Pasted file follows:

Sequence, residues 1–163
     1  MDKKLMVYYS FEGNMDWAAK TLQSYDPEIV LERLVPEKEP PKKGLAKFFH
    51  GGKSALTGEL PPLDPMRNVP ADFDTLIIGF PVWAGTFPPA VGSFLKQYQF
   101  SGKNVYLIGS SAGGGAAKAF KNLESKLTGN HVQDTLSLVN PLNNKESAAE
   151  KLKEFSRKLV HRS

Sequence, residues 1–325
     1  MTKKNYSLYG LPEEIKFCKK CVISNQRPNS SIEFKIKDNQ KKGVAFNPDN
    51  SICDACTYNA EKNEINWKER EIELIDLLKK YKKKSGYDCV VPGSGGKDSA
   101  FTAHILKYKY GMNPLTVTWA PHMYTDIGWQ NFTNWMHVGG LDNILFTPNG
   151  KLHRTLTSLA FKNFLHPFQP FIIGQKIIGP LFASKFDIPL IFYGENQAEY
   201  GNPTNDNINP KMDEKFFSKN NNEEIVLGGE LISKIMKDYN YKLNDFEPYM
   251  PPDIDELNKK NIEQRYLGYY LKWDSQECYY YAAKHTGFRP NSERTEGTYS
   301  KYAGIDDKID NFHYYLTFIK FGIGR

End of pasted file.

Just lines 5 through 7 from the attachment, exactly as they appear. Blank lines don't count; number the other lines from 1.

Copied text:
   151  KLKEFSRKLV HRS

Sequence, residues 1–325
     1  MTKKNYSLYG LPEEIKFCKK CVISNQRPNS SIEFKIKDNQ KKGVAFNPDN